• Guest, The rules for the P & N subforum have been updated to prohibit "ad hominem" or personal attacks against other posters. See the full details in the post "Politics and News Rules & Guidelines."

NON_POLITICAL China Coronavirus THREAD

Page 522 - Seeking answers? Join the AnandTech community: where nearly half-a-million members share solutions and discuss the latest tech.

CZroe

Lifer
Jun 24, 2001
24,195
856
126
I include endpoint vaccination sites as being the distribution chain - not simply the physical transport. The tier system made allot of sense medically. If it is screwing things up, then it's just terrible planning an implementation - again.
As long as there is a stockpile of vaccine then they should probably open it up to more people but throttle the rate it is dispensed according to how fast it is replenished. Let people who would have been in the current Phase jump to the front of the line and we no longer have the issue of vaccines sitting around, waiting for the right people to stick.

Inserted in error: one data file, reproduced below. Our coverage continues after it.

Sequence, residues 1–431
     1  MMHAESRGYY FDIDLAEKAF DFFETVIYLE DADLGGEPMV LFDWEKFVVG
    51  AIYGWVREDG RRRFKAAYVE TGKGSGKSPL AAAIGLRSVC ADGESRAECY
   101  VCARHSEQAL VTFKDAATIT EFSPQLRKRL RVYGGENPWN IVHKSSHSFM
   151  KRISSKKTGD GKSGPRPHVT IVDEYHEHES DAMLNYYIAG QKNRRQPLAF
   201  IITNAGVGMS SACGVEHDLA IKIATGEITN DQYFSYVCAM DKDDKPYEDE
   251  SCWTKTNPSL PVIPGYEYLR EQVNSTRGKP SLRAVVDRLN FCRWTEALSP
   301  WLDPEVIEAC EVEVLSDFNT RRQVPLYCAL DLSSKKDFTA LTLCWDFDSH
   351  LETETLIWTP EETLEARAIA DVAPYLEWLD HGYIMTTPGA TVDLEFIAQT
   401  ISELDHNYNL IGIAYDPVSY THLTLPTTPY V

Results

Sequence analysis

If we also adopt the UK's plan to give out single-doses to more people I'm all for it once the most vulnerable and frontline workers are all fully vaccinated. After they reach some threshold with single-shot doses (like half the population seeking the vaccine or whatever) people can start coming back for their second dose and it will be throttled by demand. People without their first dose get to skip the line and people who have had it get throttled by availability. Don't want to wait in line? Then come back some other day. It self-regulates.